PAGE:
According to the 2010 U.S. Census only 22% of American Indians today live on reservations. This means that the vast majority of American Indians reside in metropolitan areas. We know ourselves as urban Indians, and the reasons we ended up in cities are many. Our status as city-dwellers makes for rich–if complex and often difficult–identities. We are among the least understood population in the United States. My goals for this blog are twofold: to explore what it means to be an urban Native, and to help raise the awareness of non-Natives about who we are as Native people, whether we live on reservations, in cities, or in other countries.
On this blog I contemplate the topics most important to me, in all their diversity. From indigenous politics and decolonization, to surfing and who knows what else in between, I hope my words will inspire, if not make you think about things you might not otherwise think about.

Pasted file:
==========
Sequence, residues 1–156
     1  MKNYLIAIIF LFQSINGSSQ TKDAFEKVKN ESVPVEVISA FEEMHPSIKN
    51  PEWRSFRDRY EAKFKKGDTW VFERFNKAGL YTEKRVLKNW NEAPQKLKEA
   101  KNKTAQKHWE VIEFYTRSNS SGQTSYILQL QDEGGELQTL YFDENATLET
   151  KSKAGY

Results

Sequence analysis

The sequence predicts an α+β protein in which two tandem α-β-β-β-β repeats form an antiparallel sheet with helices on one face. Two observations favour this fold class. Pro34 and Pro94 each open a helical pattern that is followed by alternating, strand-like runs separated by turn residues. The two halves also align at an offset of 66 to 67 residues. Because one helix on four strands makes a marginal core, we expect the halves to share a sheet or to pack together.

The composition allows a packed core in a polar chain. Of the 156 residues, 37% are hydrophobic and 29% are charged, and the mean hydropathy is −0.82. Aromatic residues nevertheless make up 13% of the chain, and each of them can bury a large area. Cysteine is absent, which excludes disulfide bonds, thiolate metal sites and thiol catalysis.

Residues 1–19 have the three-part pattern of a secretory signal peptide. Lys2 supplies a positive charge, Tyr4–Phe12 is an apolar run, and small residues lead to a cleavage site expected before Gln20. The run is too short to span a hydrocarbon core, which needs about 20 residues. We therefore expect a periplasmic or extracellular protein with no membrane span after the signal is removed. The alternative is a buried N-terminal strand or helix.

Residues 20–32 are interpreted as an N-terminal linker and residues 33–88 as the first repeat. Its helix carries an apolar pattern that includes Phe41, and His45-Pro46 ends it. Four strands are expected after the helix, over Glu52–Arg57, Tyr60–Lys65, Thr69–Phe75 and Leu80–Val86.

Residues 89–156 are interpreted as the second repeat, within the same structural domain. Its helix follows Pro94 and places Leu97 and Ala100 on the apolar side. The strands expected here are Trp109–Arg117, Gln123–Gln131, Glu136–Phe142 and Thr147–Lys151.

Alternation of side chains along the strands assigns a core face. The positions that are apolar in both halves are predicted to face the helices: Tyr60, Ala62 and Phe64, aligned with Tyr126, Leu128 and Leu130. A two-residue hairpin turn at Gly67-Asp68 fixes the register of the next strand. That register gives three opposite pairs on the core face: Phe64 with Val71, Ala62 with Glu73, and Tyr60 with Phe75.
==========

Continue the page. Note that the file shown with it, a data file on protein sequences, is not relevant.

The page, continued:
Everything on the site was written by me. It serves as an archive for much of my written work. Thanks for reading, and I hope that you get something of value from it, something perhaps worth sharing. And please feel free to comment!
Dina is Policy Director and Senior Research Associate at the Center for World Indigenous Studies, and teaches American Indian Studies at California State University San Marcos. A descendant of the Colville Confederated Tribes of Washington, she holds a bachelor’s degree in Native American Studies and a master’s degree in American Studies with a research focus on indigenous studies, both from the University of New Mexico. She is a veteran Indian artist, and dancer in the Native American Northern Traditional powwow tradition. As a freelance writer, she contributes to Indian Country Media Network, Native People’s Magazine, KCET Link TV, and numerous other outlets.